Drip irrigation is a very effective way to water your garden. It supplies water directly to the plant's roots, reducing evaporation and water loss that can be caused by wind and high temperature.


Drip irrigation also helps to reduce weeds and control fungal diseases, like powdery mildew and black spot, because the water only goes to where the plant needs it, not sitting and pooling elsewhere. That's why drip irrigation is great for water conservation. And, if you automate your irrigation system (simple with one of our timers) you won't even need to think about it.


Effective drip irrigation made simple


Select your area: Choose where you'd like the system installed... vegetable garden, shrubs around the house, flower beds on the terrace etc. Drip irrigation works well in all of these situations.


Decide on your water source: An outdoor tap can be used for drip irrigation (subject to your water company regulations). With the hose pipe ban in place (in the South of England at the time of writing), drip irrigation is the only method of irrigation allowed. However, it is worth checking with your local water provider.


So having found your water source, buy a tap connector to connect to the drip pipe, or even take the water to the area to be watered with a standard garden hose pipe.


Plan a route for your drip pipe - check your garden layout:                      


Drip tube is the simplest form of watering. It is simply a continuous tube with a moulded dripper outlet glued on to the inside wall of the pipe at 30cm intervals. All you will see is a hole on the outer wall. Water drips out at a constant, even rate along the pipe.

Drip irrigation pipe is avaliable in 25m, 50m and 100m rolls. There shouldn't be a problem running a 100m roll from 1 tap supply.




Anatomy of a Dripper



Lay your drip pipe  along the border, snaking it around the plants, and ensuring an outlet is close to each root. On wider borders, lay lines across the border at 30 - 50 cm spacings. (For sandy soils, the pipe needs to be more closely spaced than on clay soils.) For large shrubs and trees, create a ring around the plant. This ensures a number of drips around the plant - so more watering.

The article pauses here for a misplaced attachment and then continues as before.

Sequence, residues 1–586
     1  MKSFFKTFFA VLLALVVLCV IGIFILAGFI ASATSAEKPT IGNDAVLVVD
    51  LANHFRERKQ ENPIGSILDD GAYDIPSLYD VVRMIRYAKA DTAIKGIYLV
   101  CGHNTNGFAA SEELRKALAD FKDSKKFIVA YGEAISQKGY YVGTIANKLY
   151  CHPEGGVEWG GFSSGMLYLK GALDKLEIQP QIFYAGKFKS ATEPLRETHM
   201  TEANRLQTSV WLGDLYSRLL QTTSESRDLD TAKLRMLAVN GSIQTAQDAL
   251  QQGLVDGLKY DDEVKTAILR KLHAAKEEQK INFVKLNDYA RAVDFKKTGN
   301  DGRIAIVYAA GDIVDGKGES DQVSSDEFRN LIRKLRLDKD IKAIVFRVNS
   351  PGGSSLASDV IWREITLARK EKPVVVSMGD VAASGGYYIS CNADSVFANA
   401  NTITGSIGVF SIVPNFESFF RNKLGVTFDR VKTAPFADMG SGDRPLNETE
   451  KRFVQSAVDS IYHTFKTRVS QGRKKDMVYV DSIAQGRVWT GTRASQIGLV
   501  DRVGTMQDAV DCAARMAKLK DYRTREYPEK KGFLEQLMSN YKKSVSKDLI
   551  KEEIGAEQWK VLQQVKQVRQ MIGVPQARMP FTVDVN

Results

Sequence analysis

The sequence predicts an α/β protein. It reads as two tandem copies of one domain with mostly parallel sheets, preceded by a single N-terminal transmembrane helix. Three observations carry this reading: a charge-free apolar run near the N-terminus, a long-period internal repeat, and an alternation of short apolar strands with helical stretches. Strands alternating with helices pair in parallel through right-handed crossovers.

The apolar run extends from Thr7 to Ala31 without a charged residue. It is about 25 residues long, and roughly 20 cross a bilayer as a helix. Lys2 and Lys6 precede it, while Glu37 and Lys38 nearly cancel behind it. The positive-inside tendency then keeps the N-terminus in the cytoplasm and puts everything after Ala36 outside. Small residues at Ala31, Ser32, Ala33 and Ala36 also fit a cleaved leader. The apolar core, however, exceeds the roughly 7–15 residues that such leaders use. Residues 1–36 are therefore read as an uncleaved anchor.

Use barbed push-in elbows, tees, joiners and plugs to create your layout



For watering of specific shrubs and trees, you can use an individual dripper fitted  to a length of 16mm plain pipe positioned close to each plant. Lay your plain pipe to each plant to be watered, punch a hole at the outlet point into the pipe and insert your dripper. This method ensures the water is delivered exactly where you want it. The plain pipe can be buried under the soil or mulch where you need it hidden from view, useful if you are crossing a lawn, for instance.









For an Automated Drip System: you'll need a battery tap timer. This is simply a time clock that can be programmed to open the tap, up to 6 times a day, for adjustable run times. It connects directly on your standard outside tap, and to your drip line. Start by experimenting with different times for watering your plants. Watering during the night is the most efficient time. When you have the right amount of water to keep your plants in top condition, leave it to run on its own. A guideline operating time would be 15 to 20 minutes a day in hot weather.


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